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TextureofDiagrams deleuze

TextureofDiagrams deleuze

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Published by Kirsten Redlich

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Categories:Topics, Art & Design
Published by: Kirsten Redlich on Nov 13, 2011
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03/05/2013

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The Texture of Diagrams
Pia Ednie-Brown.[published:
Daidalos
;
Diagrammania
, issue 74, January 2000]
Efforts to refine techniques that facilitate a breaking away from the limitations of Cartesianism are reaching something of a heated expectancy in architecture. For thisdiscipline, so thoroughly framed by Cartesian notions of space, its conventions of drawing so utterly embedded in this legacy, this is no small task. The Anticartesianfield of thought that resonates about the name of Deleuze offers an open tool box of concepts with which to approach this challenge. The diagram has become one suchconcept. But what is a diagram?This paper set out with a sense that diagrams pertaining to these contemporary drivesshould remain invisible - or undrawn. This sense was primarily constituted by fleetingtranslucent imaginings that seemed to somehow be diagrammatic gestures towardquestions of translation in architecture, about which I had been musing. Theseimaginings were somewhat elusive, textural figments that seemed to speak in passingthrough mutating patternings across which almost unspeakable sensibilities passed.They seemed close to the diagram of which Deleuze wrote in relation to the work of Francis Bacon, which "… is like the emergence of another world. For these marks orbrush strokes are irrational, involuntary, accidental, free, and random. They arenonrepresentative, nonillustrative, and nonnarrative. No longer are they significativeor signifying: they are asignifying features. They are features of sensation, but of confused sensations."
1
If this sense, or those fleeting features of sensation thatremained so hard to grasp were to become, in the Spinozist sense, transformed from avague and confused notion to an 'adequate' one, much work needed to be done. AsFrancis Bacon said: "Images do drop in, constantly, but to crystallise these phantomsthat drop into your mind is another thing. A phantom and an image are two totallydifferent things."
2
 
1
 
Gilles Deleuze, 'The Diagram', Constantin Boundas & Jacqueline Code (trans),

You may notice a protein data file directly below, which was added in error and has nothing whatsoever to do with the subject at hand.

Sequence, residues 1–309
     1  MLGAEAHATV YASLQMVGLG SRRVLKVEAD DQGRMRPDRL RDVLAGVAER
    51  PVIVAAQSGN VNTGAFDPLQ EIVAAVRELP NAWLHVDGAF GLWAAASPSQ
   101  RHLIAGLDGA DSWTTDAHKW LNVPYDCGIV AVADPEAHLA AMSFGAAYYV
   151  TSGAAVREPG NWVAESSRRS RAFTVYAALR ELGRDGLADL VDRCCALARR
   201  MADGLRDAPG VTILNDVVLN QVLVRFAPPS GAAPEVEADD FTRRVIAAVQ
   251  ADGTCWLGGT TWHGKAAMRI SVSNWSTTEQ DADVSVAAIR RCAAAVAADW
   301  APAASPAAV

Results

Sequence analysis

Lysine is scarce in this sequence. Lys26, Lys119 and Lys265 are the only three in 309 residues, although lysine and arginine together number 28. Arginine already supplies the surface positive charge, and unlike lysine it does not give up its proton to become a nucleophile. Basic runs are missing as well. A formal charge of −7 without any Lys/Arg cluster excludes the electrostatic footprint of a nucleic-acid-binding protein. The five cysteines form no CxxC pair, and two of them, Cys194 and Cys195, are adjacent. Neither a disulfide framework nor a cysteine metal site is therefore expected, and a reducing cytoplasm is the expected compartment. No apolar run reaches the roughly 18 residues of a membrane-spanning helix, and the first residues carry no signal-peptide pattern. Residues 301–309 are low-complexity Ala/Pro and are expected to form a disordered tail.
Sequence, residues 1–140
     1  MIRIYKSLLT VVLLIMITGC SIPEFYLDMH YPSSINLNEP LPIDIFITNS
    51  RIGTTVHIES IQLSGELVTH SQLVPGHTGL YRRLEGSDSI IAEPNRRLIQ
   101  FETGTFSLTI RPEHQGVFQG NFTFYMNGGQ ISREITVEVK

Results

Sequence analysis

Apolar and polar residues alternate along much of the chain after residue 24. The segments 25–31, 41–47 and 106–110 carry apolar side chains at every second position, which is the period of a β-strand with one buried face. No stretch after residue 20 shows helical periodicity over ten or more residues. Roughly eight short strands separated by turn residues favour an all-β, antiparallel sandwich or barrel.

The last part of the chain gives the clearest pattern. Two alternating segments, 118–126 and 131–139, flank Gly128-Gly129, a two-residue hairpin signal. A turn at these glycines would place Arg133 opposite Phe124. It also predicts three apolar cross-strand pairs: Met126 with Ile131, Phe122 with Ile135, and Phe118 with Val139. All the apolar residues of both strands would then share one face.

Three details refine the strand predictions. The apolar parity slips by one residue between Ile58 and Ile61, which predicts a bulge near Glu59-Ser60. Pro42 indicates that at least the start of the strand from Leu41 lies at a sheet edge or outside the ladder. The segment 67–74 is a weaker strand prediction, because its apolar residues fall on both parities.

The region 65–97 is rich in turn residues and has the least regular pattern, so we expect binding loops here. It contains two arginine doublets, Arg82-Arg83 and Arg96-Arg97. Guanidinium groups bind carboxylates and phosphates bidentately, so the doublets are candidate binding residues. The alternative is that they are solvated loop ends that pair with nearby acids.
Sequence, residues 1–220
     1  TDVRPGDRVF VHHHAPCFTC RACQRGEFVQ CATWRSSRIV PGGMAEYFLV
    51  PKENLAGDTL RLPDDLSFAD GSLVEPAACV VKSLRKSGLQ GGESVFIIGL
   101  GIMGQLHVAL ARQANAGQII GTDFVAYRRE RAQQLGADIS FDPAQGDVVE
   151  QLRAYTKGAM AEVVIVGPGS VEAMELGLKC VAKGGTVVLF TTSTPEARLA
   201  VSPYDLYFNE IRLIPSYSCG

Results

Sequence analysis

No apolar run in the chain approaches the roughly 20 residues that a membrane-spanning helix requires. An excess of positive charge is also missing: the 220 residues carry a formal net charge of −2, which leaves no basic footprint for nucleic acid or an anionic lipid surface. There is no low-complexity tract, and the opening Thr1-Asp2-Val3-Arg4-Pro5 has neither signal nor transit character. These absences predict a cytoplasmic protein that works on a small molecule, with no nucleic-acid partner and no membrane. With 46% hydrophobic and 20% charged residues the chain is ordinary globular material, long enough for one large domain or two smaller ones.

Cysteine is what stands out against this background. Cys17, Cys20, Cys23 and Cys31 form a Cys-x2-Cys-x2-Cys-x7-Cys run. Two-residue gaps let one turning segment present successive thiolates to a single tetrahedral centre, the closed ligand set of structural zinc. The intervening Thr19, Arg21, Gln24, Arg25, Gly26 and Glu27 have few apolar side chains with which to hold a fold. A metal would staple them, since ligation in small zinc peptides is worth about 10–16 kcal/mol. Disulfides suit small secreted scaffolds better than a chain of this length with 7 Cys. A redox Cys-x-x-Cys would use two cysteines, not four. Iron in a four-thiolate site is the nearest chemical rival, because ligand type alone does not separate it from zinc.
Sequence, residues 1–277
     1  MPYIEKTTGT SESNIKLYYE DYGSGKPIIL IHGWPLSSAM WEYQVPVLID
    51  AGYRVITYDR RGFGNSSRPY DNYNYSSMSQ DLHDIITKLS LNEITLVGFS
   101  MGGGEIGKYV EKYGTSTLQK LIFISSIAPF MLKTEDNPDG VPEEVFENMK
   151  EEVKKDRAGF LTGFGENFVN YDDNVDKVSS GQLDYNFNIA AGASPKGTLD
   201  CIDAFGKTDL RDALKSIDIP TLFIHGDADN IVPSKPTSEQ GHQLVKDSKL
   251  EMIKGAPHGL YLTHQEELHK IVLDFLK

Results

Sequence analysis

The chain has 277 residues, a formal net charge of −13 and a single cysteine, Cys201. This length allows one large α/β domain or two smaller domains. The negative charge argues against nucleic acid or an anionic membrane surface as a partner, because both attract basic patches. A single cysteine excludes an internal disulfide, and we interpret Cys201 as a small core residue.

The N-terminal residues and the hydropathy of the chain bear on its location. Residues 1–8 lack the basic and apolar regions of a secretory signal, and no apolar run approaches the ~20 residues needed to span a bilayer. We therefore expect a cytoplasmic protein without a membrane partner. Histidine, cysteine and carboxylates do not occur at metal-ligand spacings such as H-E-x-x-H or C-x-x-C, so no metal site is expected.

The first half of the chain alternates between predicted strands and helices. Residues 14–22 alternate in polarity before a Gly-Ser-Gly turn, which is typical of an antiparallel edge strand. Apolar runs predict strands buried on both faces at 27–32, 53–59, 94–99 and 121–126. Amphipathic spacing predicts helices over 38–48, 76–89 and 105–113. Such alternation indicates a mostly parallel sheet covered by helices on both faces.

The Deleuze Reader
,Constantin Boundas (ed), Columbia University Press (New York), 1993, p. 193.
2
Francis Bacon, 'An Interview with Francis Bacon: Provoking Accidents, Prompting Chance', MichaelPeppiatt,
Francis Bacon. A Retrospective
, Denis Farr and Massimo Martino, Harry N. Abrahams, Inc.,Publishers in association with The Trust for Museum Exhibitions, 1999, p. 49.
 
That the discourse of diagramming is confused, as R.E. Somol has commented
3
,should not be surprising. Clearly, we are witnessing as much of a transformation of the notion of the 'diagram' itself as we are eliciting some transformation of architectural practice via diagramming. The diagram may not be the truck it used tobe but seems to still carry an old load. The diagram in architecture persists inpredominantly falling into the definition of a line drawing of some kind. The residualpersistence of the diagram as a 'thing' that
then
becomes instrumental (as a kind of truck that enables design to set out on an exploratory journey) sits awkwardly withinthe diagramming aspirations voiced in contemporary discourse. While the diagram isseen to offer an escape from the trappings of representation, architecture neverthelessoperates in a representational field. Unlike the painter who directly makes thepainting, the architect is removed from the making of the building and is alwaysrepresenting it. But the gap between drawings and buildings, and the very source of this dilemma, has been both created and emptied by the Cartesian neutrality of space,across which meaning is supposed to be seamlessly conveyed and with whichultimate control attains a heightened (even if false) power. The diagram is potentiallythe very difference that emerges from the over turning of Cartesianism, transformingspace from an emptiness into a modulating fullness. One of the most significant sites(perhaps